Dickey and his brother, John, were born with a silver microphone in their mouths. Obviously, they never took it out long enough to learn how to use it – after all, they owned everything or at least dad did.

One wonders if Lew Dickey could actually find 12 new leads each day.

How about each week?

Okay, how about 12 new leads, period – forget the time limitations. That’s what Cumulus is asking their lowly, unwashed salespeople to do.

I don’t like to get into a person’s personal life even taking poetic license here, but would Lew like to take home paperwork after he has failed to come up with 12 new leads during the day and then fill it out on his own time?

Lucky he’s a bachelor. Kids like to have dad read to them and actually be in the same room with them. Not possible if you work at Cumulus under their scenario.

Look, Dickey is not lazy. Far from it. He is motivated to succeed because the patriarch of his family has so designated him Dictator for Life.

There’s a lot of money in it for him.

If Lew had to go undercover and work for the peanuts he pays his employees, he'd get an ear full.

Undercover Boss presumes the CEO actually wants to find out how the other half lives and works or at the very least wants to be seen as a person who cares.

In one segment, O'Donnell was invited to dinner by a female employee he was working with who obviously did not recognize that he was the CEO. O'Donnell snapped up the invitation from this person who he could see was doing several jobs -- not just the one she was being paid for.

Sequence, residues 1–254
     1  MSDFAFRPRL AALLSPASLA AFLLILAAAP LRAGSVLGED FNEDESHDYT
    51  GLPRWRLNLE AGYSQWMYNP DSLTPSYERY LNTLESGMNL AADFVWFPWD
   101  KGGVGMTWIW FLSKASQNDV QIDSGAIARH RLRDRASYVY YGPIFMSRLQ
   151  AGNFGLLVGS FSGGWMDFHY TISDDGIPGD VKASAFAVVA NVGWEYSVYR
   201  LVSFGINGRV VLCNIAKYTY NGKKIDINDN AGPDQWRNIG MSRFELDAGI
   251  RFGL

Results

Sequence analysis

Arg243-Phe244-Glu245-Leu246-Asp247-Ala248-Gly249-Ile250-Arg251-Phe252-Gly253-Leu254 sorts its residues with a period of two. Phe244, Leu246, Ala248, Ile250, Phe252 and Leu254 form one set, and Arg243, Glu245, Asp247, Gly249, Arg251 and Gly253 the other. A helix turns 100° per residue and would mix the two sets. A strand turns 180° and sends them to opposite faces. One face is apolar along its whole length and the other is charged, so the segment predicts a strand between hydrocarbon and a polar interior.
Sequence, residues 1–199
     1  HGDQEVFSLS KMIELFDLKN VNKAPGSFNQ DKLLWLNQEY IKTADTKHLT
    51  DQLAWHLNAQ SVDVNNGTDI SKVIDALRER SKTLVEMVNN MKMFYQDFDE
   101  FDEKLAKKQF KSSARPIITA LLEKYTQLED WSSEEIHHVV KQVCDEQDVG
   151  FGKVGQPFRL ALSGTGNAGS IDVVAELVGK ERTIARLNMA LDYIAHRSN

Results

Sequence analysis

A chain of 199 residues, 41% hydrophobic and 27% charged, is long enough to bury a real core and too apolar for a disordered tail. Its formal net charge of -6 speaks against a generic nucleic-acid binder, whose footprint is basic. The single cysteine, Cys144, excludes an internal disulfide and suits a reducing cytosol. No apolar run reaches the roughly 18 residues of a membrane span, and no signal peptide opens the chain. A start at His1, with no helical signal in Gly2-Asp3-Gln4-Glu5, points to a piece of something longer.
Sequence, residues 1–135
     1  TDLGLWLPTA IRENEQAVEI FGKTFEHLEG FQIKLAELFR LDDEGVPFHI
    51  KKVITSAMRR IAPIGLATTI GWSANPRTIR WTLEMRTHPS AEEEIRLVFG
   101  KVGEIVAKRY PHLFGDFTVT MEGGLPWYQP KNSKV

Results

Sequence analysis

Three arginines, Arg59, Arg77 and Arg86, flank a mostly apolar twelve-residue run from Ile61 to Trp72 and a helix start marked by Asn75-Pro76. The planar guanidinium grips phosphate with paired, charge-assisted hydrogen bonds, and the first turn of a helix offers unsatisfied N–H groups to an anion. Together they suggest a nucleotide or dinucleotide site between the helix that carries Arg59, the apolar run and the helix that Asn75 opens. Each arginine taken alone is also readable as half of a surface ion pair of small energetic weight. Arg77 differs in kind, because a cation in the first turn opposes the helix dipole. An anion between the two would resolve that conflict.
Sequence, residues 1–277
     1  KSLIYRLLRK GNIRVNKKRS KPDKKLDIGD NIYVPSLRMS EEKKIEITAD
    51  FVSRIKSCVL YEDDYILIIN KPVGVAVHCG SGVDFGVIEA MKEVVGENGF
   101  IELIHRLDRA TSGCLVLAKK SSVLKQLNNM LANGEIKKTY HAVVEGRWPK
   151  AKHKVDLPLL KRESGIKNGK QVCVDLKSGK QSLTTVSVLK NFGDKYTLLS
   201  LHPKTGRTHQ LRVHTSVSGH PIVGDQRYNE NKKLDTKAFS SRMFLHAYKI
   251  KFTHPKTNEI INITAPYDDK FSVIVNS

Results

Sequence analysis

Sound familiar?

But at Waste Management, O'Donnell ate dinner at her house, met her husband and family and discovered that three generations were being supported on her salary. And he discovered that she had her house for sale because she couldn't afford to keep it.

Sound familiar?

What's different was that O'Donnell risked blowing his cover for the show to try to help her out (he eventually promoted her, had two people hired to take her former job and made her eligible for bonuses).

Sound familiar?

Hell no.

Dictator Lew would have shown her the door and dining with her family would have been out of the question. Dickey's don't do that. Thus, Dickey Doo.

Lew Dickey and Fagreed Suleman and Slogan Hogan seem to think they are running a reality show. That they get to play Donald Trump and bark, “you’re fired”. Even Trump isn’t that evil.

Meanspirited consolidators seem to enjoy hurting people. I say that because there is very little anecdotal evidence that indicates they care about their employees.